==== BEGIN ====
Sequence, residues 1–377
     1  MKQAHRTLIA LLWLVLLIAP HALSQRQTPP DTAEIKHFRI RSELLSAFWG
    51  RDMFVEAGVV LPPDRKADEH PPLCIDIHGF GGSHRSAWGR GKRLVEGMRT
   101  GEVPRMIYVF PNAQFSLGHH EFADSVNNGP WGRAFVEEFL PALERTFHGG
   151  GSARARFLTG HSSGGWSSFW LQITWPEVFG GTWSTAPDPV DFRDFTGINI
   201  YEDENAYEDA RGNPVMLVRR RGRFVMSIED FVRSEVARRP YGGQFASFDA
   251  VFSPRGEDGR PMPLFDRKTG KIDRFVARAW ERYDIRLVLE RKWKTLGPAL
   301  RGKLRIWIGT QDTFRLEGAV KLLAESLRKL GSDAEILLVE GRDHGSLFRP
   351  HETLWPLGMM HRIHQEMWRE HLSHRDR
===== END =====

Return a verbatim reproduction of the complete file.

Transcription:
Sequence, residues 1–377
     1  MKQAHRTLIA LLWLVLLIAP HALSQRQTPP DTAEIKHFRI RSELLSAFWG
    51  RDMFVEAGVV LPPDRKADEH PPLCIDIHGF GGSHRSAWGR GKRLVEGMRT
   101  GEVPRMIYVF PNAQFSLGHH EFADSVNNGP WGRAFVEEFL PALERTFHGG
   151  GSARARFLTG HSSGGWSSFW LQITWPEVFG GTWSTAPDPV DFRDFTGINI
   201  YEDENAYEDA RGNPVMLVRR RGRFVMSIED FVRSEVARRP YGGQFASFDA
   251  VFSPRGEDGR PMPLFDRKTG KIDRFVARAW ERYDIRLVLE RKWKTLGPAL
   301  RGKLRIWIGT QDTFRLEGAV KLLAESLRKL GSDAEILLVE GRDHGSLFRP
   351  HETLWPLGMM HRIHQEMWRE HLSHRDR